Posts tagged ‘General MacArthur’

In your pipe and smoke it

The National

Simon Reynolds
Last Updated: April 27. 2010 6:44PM UAE / April 27. 2010 2:44PM GMT

Saw a chap smoking a pipe the other day. He was sitting in a café in a mall, reading a newspaper and drawing contentedly on a pipe. And it occurred to me that I don’t remember when last I saw such a thing.

Now, you understand that I am not talking about a shisha, but the sort of thing smoked by Maigret, Harold Wilson, General MacArthur – and you’ll notice how far back in time I have had to go for examples.

It appears to be a practice that has gone underground in the past decade or so, a casualty no doubt of the anti-smoking climate. I know that the British Pipesmokers’ Council discontinued its Pipesmoker of the Year award in 2004, worried that the event might fall foul of new laws against the promotion of tobacco.

So it was refreshing in a way to see this fellow puffing away as he read his newspaper. It also stirred an atavistic yearning, mixing memory and desire (it is, after all, cruel April), taking me back more than 30 years to my own days as a pipe-smoker. Aesthetically, there are not many men who can get away with a pipe. Medically, I imagine the proportion is even smaller. But the unwitting agent of my rekindled hunger in the café could. He had the strong face and candid expression necessary to carry it off. I do not.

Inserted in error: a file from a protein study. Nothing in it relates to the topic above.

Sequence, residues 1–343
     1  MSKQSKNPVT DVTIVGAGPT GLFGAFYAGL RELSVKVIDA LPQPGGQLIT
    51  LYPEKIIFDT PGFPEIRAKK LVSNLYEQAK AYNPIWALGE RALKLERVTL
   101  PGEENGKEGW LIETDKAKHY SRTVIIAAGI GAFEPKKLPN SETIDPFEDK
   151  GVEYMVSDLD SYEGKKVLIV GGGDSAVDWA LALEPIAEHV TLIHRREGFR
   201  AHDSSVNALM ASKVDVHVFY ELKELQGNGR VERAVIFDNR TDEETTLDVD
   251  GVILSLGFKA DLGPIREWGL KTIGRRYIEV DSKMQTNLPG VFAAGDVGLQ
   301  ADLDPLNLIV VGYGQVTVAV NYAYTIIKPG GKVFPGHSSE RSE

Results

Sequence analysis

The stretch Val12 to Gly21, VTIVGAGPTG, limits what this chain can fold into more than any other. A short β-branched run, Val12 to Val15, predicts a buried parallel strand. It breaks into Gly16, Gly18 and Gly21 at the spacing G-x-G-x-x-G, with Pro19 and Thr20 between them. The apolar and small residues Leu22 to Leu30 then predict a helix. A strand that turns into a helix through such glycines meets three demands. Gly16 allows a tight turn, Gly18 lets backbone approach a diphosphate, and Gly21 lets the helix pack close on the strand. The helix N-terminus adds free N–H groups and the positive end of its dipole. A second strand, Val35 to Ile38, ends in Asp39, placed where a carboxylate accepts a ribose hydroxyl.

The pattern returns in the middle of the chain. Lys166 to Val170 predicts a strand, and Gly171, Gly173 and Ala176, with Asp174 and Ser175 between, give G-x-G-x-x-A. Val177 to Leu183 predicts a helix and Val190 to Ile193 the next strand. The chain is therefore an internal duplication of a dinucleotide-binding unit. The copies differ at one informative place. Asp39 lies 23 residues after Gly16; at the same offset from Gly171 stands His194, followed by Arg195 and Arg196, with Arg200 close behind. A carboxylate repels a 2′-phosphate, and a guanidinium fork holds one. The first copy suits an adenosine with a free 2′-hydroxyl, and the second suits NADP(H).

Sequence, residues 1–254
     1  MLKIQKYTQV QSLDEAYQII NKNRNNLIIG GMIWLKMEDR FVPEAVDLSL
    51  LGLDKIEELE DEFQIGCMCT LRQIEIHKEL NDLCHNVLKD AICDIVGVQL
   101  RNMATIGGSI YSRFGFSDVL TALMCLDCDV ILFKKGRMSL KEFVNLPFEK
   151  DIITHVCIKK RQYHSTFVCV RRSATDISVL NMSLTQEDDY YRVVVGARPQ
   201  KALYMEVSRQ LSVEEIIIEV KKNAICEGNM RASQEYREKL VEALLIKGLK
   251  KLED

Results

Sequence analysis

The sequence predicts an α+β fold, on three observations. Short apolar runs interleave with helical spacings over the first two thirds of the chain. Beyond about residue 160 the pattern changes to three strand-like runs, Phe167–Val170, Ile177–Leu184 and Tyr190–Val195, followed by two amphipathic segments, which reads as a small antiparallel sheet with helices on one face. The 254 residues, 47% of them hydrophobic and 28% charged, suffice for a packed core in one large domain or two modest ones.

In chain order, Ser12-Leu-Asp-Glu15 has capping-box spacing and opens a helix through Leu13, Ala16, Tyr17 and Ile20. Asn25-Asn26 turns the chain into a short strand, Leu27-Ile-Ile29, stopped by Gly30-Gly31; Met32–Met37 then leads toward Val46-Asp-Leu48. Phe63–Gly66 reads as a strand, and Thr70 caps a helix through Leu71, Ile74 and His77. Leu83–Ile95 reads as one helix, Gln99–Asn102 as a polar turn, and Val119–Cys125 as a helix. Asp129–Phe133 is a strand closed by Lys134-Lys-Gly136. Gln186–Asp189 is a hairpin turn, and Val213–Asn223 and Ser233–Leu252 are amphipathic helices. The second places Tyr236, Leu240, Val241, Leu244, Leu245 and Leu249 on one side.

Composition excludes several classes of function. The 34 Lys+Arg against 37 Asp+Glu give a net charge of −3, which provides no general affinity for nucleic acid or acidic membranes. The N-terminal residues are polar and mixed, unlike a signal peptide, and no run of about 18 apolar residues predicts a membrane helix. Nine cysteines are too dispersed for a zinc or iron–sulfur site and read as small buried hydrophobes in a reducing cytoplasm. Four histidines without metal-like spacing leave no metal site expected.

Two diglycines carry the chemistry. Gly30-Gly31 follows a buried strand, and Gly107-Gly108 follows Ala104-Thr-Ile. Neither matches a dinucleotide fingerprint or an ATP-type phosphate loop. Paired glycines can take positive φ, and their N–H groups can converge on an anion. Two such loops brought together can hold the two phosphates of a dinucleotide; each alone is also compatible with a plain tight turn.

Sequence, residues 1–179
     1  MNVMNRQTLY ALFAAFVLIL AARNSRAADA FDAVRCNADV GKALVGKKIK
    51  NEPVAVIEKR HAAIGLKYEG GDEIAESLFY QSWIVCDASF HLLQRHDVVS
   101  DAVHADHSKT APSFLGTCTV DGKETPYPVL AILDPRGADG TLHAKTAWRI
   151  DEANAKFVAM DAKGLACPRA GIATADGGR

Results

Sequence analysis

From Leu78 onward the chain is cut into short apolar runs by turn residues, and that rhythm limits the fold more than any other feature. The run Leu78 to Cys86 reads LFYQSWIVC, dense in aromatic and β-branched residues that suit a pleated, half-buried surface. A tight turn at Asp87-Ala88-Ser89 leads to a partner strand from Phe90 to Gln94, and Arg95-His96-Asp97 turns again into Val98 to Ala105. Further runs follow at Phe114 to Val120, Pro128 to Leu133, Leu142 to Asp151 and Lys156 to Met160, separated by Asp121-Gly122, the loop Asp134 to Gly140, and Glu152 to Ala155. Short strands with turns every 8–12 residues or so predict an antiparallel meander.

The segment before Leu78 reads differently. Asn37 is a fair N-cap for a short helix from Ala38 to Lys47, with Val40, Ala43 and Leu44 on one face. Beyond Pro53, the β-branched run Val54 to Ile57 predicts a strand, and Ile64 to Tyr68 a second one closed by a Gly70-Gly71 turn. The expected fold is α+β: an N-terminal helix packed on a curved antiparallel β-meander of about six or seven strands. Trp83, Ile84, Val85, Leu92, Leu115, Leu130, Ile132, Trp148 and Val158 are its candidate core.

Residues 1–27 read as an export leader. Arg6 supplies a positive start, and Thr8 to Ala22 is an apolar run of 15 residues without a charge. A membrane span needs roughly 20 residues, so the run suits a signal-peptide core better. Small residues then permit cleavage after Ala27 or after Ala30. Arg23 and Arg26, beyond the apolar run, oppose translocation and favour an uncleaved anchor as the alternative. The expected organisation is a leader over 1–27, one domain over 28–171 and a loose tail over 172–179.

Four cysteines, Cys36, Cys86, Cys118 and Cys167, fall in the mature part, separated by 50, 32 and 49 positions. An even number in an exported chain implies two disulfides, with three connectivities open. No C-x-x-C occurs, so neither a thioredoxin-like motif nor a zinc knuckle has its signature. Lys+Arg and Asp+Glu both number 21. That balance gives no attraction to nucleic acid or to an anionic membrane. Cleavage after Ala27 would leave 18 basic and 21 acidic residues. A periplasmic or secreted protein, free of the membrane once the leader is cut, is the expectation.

Nor did Bing Crosby. Watching him with that idiotic briar in Holiday Inn, for example, I just want to strangle the props supervisor. I similarly cringe when I come across old photographs of myself posing pompously with my pipe.

But the look of the thing aside, I did enjoy it. I lived in Harare then and used to smoke my first pipe of the day sitting outside on a chair tipped against a whitewashed wall, the warmth of the early sun tempering the lingering chill of the night air.

Eventually, of course, the chair broke, but that’s not why I gave up. That was the result of a doctor’s advice after I contracted a particularly obstinate chest infection.

I had a girlfriend who worked in a tobacconist’s shop – the one, you will not be surprised to learn, where I took my tobacco business – and she told me a story that in recollection has something of the quality of an urban myth.

It seems that a man who had bought a pipe in the shop returned after a month or two, complaining that the bowl had burnt through. And sure enough, there was a charred-looking hole in the back, just above the stem. Great consternation and embarrassment, of course; the pipe was replaced and the customer compensated with a couple of free packets of tobacco.

A similar interval later he was back. It had happened again: there was a hole you could put your little finger through. This time consternation gave way to incredulity and they asked him how and where he smoked. “I’m a taxi driver, and I like to smoke on the road,” he replied. Didn’t his passengers object? “Yes, so I drive with my window open.”

Never mind the bowl of the pipe in the resulting inferno, I thought. The fellow must have had a tongue like asbestos.

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